The Art of LTE employment

  • TECH
  • Thursday, 29 Aug 2013

GOOD FOR ALL: Upgrading to an LTE network will benefit carriers and, in turn, end users. And better speeds and stronger signals will marshal in the next generation of mobile device usage. - EP


The proliferation of mobile devices has shifted user behaviour and this has empowered mobile operators to strengthen their networks for high performance and scale to meet the growing demand.

To build for this anticipated surge, mobile operators are investing billions to strengthening their networks through Long Term Evolution (LTE), a wireless broadband technology that supports roaming Internet access via mobile devices.

Asia Pacific is expected to be the largest contributor to this growth with a predicted eight billion smartphone subscribers. [1].

The region also boasts the world’s largest mobile market, China, which overtook the United States as the largest smartphone market in 2012. [2] The country, together with India and Indonesia, is expected to be among the fastest-growing smartphone markets over the next few years.

Meanwhile, Japan, South Korea, and some countries in the emerging markets are considered the most advanced mobile markets.

Amongst this diverse country mix also exists a diverse range of average revenue per user, which is correlated to GDP per capita.

And Malaysia, which has one of the highest GDP per capita in the region has an average revenue per user (US$16.80 or RM55.80) is more than double the regional average. [3]

LTE: Revolutionary or evolutionary?

The migration from 2G to 3G was expected to be revolutionary, promising higher speeds and greater capabilities.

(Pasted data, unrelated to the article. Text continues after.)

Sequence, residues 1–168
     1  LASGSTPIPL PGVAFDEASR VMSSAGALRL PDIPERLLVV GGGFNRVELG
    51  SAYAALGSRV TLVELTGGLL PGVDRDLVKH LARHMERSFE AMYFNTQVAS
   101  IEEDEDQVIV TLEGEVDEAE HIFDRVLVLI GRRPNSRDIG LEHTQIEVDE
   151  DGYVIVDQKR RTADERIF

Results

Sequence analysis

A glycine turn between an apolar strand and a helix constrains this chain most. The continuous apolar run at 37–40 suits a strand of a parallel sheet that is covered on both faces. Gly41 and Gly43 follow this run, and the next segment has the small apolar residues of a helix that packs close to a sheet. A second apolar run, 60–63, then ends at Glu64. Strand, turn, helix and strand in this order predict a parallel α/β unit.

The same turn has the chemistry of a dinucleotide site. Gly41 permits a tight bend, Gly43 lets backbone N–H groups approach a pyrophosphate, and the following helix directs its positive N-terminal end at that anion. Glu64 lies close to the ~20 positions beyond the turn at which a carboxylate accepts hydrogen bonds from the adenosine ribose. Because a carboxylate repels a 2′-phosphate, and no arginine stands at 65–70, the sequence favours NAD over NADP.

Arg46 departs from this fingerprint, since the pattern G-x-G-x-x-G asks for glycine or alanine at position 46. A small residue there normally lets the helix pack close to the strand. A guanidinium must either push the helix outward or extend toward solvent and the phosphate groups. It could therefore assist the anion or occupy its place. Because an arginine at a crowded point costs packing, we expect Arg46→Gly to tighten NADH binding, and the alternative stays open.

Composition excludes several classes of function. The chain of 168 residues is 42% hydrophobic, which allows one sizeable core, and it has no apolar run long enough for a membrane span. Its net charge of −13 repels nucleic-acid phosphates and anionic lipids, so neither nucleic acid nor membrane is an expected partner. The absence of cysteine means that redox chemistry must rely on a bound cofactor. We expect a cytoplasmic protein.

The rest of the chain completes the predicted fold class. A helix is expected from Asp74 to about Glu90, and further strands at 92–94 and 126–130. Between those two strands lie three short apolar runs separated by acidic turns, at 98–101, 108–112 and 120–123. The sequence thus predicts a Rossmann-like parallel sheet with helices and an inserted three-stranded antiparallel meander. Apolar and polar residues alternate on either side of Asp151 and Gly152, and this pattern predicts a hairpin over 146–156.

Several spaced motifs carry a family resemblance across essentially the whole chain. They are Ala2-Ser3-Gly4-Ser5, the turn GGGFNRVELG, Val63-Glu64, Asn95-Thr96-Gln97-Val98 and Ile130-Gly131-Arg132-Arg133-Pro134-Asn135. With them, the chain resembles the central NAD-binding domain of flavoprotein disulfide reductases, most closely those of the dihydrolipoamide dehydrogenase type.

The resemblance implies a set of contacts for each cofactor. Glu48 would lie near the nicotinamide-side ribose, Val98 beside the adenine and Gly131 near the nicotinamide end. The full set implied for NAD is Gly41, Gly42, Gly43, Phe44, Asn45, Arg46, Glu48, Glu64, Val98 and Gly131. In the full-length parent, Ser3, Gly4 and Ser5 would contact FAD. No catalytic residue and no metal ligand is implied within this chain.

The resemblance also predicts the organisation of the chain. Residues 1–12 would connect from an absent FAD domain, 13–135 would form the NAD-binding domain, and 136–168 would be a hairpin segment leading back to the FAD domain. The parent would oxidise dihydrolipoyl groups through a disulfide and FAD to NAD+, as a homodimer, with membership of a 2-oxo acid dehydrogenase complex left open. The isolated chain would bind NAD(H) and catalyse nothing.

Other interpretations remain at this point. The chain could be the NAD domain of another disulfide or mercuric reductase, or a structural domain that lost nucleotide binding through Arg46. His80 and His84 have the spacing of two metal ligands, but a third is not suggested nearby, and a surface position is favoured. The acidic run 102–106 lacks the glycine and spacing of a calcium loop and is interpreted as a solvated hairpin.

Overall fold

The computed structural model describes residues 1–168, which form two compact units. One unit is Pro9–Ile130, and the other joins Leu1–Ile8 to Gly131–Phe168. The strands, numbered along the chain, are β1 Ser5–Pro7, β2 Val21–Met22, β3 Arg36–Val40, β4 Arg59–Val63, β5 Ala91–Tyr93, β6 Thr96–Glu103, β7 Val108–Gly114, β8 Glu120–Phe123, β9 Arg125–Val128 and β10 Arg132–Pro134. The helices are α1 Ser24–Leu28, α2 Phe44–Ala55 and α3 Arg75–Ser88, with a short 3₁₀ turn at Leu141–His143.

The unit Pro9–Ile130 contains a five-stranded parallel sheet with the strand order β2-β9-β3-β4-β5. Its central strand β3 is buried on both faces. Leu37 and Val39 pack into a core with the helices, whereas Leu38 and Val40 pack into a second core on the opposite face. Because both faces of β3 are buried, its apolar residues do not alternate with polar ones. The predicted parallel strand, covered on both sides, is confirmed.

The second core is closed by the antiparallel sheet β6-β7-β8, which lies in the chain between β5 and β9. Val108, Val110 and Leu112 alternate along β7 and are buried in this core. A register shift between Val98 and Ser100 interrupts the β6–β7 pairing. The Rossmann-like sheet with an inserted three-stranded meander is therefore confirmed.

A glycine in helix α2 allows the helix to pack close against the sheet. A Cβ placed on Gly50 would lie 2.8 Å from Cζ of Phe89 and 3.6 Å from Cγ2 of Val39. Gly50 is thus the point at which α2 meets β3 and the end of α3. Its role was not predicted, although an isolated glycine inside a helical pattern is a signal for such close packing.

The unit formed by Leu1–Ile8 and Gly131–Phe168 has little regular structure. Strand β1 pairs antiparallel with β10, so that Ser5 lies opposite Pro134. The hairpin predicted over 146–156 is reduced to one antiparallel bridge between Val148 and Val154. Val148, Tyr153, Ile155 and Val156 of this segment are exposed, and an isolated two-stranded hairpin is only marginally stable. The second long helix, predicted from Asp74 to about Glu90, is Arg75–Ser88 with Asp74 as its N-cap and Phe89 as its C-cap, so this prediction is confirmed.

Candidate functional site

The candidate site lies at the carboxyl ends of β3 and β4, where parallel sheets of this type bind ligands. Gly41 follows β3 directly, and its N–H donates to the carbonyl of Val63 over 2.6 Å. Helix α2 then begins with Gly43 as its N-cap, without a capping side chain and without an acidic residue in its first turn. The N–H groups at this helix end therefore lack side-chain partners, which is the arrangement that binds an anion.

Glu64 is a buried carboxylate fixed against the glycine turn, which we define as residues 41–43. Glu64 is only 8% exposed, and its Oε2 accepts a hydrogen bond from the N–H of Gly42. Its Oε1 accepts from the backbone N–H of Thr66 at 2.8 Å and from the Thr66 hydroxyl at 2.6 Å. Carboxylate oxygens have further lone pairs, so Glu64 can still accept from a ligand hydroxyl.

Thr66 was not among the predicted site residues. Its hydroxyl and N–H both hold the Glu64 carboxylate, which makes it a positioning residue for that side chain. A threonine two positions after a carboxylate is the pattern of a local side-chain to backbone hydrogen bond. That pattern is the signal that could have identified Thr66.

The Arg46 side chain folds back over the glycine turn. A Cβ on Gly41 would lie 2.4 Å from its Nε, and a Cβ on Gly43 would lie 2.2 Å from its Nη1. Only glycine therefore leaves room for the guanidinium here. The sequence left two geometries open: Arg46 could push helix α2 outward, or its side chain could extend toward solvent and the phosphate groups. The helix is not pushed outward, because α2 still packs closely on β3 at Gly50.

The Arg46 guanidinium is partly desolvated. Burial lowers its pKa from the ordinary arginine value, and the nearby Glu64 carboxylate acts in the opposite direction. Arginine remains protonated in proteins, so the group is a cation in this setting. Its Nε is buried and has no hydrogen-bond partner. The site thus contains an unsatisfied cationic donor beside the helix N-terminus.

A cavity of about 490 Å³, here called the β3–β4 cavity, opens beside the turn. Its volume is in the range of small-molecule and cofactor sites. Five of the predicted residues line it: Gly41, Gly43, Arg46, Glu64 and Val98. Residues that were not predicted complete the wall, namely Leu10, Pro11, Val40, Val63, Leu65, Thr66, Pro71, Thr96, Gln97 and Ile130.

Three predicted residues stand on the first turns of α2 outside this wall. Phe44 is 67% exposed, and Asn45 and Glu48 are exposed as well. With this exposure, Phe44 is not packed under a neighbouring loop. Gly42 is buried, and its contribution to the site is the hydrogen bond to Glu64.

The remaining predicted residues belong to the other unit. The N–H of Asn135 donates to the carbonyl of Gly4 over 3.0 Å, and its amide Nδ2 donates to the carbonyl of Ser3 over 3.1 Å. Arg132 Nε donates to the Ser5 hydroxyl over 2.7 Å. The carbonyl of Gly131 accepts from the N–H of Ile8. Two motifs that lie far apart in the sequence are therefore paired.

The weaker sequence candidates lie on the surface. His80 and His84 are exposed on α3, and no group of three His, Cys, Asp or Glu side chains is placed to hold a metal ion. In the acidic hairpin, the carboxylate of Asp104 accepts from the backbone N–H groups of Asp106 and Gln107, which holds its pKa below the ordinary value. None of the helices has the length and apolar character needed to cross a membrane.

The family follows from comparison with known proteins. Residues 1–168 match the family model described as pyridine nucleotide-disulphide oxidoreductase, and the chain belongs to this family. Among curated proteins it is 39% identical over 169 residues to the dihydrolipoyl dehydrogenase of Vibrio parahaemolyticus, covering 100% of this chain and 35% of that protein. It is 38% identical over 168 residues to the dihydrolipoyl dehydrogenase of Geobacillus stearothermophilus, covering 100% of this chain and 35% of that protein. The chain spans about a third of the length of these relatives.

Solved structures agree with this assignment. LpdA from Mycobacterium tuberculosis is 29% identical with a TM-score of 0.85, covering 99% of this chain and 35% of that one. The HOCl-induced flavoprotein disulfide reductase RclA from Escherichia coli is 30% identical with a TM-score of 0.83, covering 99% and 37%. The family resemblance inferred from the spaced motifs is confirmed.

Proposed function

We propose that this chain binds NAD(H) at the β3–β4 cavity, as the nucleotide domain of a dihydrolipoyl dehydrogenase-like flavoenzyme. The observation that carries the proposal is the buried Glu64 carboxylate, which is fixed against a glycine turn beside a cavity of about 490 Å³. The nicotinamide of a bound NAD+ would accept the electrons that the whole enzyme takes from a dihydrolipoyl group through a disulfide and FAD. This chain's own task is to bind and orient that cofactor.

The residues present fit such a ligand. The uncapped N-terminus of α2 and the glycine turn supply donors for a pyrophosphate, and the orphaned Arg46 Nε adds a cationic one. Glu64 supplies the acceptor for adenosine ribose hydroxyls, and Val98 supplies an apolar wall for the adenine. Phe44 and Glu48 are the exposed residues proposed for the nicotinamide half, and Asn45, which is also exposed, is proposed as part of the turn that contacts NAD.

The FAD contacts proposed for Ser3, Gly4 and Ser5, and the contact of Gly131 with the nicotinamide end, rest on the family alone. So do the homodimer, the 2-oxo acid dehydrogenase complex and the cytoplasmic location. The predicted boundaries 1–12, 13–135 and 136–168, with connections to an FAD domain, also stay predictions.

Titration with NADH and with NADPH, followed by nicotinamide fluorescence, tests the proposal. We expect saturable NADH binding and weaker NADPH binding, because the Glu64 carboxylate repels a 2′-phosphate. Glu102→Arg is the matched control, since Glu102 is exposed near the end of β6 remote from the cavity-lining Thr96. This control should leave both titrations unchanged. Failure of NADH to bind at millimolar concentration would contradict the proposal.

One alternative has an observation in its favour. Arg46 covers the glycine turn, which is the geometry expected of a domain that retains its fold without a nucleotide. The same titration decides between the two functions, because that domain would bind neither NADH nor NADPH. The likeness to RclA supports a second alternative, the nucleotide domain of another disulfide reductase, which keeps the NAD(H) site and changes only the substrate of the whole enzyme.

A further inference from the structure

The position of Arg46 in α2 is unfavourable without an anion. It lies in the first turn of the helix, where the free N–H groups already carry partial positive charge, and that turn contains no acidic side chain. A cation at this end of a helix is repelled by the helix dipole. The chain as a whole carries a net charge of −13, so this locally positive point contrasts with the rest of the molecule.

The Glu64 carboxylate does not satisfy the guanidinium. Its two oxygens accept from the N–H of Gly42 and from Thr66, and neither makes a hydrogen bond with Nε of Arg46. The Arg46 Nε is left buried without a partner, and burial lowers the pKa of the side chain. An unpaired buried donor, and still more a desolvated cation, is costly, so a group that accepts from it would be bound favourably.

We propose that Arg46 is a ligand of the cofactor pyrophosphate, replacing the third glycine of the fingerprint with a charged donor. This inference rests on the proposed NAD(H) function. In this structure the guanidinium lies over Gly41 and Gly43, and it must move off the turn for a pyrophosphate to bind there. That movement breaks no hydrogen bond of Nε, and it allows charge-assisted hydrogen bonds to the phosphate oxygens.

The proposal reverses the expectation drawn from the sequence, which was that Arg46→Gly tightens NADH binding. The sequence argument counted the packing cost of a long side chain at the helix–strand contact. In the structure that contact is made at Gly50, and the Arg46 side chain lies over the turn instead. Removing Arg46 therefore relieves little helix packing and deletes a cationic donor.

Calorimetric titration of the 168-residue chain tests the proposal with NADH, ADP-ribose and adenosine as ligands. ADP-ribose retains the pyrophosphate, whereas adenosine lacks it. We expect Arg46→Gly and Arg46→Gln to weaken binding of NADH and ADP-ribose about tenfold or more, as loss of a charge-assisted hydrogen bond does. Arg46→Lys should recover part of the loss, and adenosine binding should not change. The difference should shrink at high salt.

In actuality, it proved to be more evolutionary because carriers made temporary and unsustainable upgrades to their infrastructure. This led to low capacity, long delays, spotty coverage, and a dearth of killer apps that exposed weakness in these wireless networks especially in densely populated areas.

Operators in some Asian countries have achieved the fastest migration from 2G to 3G/4G networks, especially in Japan and Korea, where 3G/4G represent more than 90% of connections[4].

Nearly 27% of South Korean connections are LTE. China and India are both seeing extraordinary growth in new subscriptions[5].

As LTE becomes the new standard, naturally the question remains: Can network operators create a revolutionary experience this time around for their end users? Absolutely. Enhanced services, better coverage through the use of macro and small cells and carefully planned inter-technology handoffs will all play a part.

What’s in it for mobile operators?

Aside from increasing performance of networks in the face of surging data usage, LTE is all about profitability. In more than one way, LTE is correlated to the customer experience: Happy customers lead to greater usage and less churn, both of which contribute to growth with new services and lower operational expenses on the bottom line.

A large portion of carriers worldwide have yet to fully deploy LTE, but useful lessons can be picked from the early adopters. The common end-user obstacles cited as carriers pursue a widespread adoption of LTE subscriptions include:

  • High price of data plans
  • Limited coverage in metro and rural areas
  • Unclear value proposition for LTE
  • Limited choices for 4G enabled handsets and consumer electronic products

Overcoming the obstacles

To avoid these pitfalls, operators need LTE networks that can: